More money down the drain: War cost bleeds states, cities

As U.S. casualties in Iraq topped 1,600, the U.S. Congress approved another $82 billion for military operations in Iraq and Afghanistan and related spending, with the bulk going to the Iraq occupation.

This additional “supplementary” funding brings total U.S. spending for the Iraq war to nearly $210 billion.

Two years after George W. Bush declared “mission accomplished,” the ever-ballooning cost of the Iraq war is hitting home for U.S. states and cities.

Recent studies by the National Priorities Project show the $210 billion war is sucking $3.2 billion in tax dollars from Tennessee, where the governor recently cut over 320,000 people from the state’s low-income health program, TennCare. John Zirker Sr., a co-founder of the Homeless Power Project in Nashville, said those cuts didn’t have to happen. The “billions and billions going to Iraq are taking away from our communities,” he told the World.

Zirker cited funding needs of a local program offering training for construction and other skilled jobs that would provide a meaningful path out of homelessness in Nashville. “Thirty million dollars would have got it going,” he said angrily. “Our government is doing things ass-backwards. I’m really appalled.”

The war costs are taking $11.1 billion in tax dollars from Illinois, with $2.1 billion from Chicago, which is facing school closings and privatization moves. Sharon Voliva, chair of the statewide Better Funding for Better Schools coalition, told the World 80 percent of Illinois schools are in deficit. “If we had access to some of the money going to fight, we would not be in deficit spending,” she said.

“You can’t run a good army that isn’t educated,” said Voliva, a grandmother of five whose husband is a retired Army colonel. “Our public schools are in desperate condition.” Pointing to inadequate funding of No Child Left Behind requirements and of special education, she said, “The federal government is not doing what it’s supposed to do for the children of this state now.”

Meanwhile, a new audit shows $100 million earmarked for reconstruction of Iraq is missing, and embezzlement by U.S. officials is suspected. The U.S. special inspector general for Iraq reconstruction, Stuart Bowen, reported May 4 that occupation officials “cannot properly account for or support $96.6 million in cash and cash receipts.” In some cases, he said, “we found indications of fraud.” A criminal investigation has been initiated. That follows a January audit report that $9 billion in Iraq reconstruction money was unaccounted for. The funds involved are part of billions of dollars in Iraqi assets, known as the Development Fund for Iraq, entrusted to the U.S. occupation by the United Nations.

According to the Los Angeles Times, in the new audit one U.S. official said he was given $6.75 million last June 21 and told he had to spend it by June 28, the day the U.S. Coalition Provisional Authority handed over authority to an interim Iraqi government. In another case cited, two U.S. officials left Iraq after finishing their duty there without accounting for $1.5 million. A manager entered a zero balance for one of the funds involved, apparently seeking “to remove outstanding balances by simply washing accounts,” the report said.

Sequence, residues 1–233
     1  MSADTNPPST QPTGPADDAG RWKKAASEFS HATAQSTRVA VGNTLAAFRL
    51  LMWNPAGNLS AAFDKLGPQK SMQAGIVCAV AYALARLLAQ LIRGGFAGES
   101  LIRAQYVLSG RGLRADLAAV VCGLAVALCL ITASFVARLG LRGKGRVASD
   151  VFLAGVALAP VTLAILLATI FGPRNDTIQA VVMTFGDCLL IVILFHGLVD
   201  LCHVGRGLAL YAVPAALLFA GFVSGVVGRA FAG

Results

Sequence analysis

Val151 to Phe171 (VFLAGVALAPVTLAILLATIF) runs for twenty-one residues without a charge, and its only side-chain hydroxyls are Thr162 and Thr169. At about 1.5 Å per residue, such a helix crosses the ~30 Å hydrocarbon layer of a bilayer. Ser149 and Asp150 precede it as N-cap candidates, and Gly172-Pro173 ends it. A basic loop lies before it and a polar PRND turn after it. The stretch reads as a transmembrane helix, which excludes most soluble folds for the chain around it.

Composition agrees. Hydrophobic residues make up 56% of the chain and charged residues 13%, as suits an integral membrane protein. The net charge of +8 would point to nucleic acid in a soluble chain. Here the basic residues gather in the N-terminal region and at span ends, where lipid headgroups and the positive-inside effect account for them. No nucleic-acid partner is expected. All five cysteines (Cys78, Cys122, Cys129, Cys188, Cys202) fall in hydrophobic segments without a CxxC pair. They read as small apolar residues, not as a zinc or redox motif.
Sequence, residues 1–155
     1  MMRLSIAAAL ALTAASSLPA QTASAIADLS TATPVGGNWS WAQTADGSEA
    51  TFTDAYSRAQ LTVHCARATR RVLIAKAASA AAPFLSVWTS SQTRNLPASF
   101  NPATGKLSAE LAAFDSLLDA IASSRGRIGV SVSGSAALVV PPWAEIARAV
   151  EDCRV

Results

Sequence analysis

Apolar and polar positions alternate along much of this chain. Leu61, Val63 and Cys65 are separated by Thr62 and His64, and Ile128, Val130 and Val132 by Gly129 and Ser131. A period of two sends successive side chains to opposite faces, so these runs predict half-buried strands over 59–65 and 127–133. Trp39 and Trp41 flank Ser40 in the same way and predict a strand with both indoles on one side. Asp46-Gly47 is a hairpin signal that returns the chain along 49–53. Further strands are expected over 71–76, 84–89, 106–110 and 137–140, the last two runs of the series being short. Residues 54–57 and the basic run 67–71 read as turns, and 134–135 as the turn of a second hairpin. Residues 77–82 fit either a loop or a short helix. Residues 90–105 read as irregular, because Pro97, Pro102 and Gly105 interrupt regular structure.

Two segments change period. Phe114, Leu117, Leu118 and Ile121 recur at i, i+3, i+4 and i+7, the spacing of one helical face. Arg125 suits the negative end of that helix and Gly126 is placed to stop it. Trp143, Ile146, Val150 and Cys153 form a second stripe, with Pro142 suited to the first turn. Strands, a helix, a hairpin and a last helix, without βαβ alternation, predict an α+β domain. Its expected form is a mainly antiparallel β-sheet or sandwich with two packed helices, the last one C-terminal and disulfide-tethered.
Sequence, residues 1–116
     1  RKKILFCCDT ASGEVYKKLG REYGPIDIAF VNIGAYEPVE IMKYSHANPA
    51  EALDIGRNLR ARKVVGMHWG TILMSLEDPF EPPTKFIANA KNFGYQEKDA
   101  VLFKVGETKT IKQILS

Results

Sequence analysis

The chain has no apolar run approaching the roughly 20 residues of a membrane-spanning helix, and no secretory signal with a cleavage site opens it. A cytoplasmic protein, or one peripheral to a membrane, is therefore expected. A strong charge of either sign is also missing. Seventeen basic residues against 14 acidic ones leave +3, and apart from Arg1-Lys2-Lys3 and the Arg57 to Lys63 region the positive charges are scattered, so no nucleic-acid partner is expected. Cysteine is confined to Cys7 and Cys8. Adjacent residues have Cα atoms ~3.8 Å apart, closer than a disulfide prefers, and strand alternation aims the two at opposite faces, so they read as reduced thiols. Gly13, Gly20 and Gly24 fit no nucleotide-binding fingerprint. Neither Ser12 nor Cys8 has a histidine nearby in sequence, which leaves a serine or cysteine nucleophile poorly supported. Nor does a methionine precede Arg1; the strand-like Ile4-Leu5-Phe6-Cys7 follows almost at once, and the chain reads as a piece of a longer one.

Last July, this newspaper reported charges by the British humanitarian group Christian Aid that the U.S. occupation had not “properly accounted for what it has done with some $20 billion of Iraq’s own money.” Iraq Revenue Watch charged that the CPA had “launched a last-minute spending spree using Iraq’s oil money … committing billions of dollars to hastily conceived projects” just before the authority was due to close up shop.

Other new reports add to previous findings that the U.S. occupation has been cavalier about U.S. taxpayer money as well.

Another audit released May 4 showed that, for contracts funded with $18.4 billion in U.S. tax money, auditors could not find about one-quarter of the 48 contracts it chose for review.

A Pentagon audit report written last fall found more than $100 million in questionable charges by Halliburton in just one of 10 sections of its $2.5 billion no-bid contract for Iraq. The report had been kept under wraps, but Democratic Reps. John Dingell (Mich.) and Henry Waxman (Calif.) made a summary public in March. In a letter to Bush, the lawmakers called for release of audits for the other nine sections of Halliburton’s contract. “[T]he administration has withheld these audits from Congress for months, and Halliburton has repaid nothing under this contract,” they wrote. “We would like to know when and how you plan to recover the overcharges from Halliburton and restore them to U.S. taxpayers and the Iraqi people.”

The new war appropriation increases the automatic death benefit for families of troops killed in combat from $12,420 to $100,000. It also includes $592 million to pay for the construction of a new U.S. embassy in Baghdad.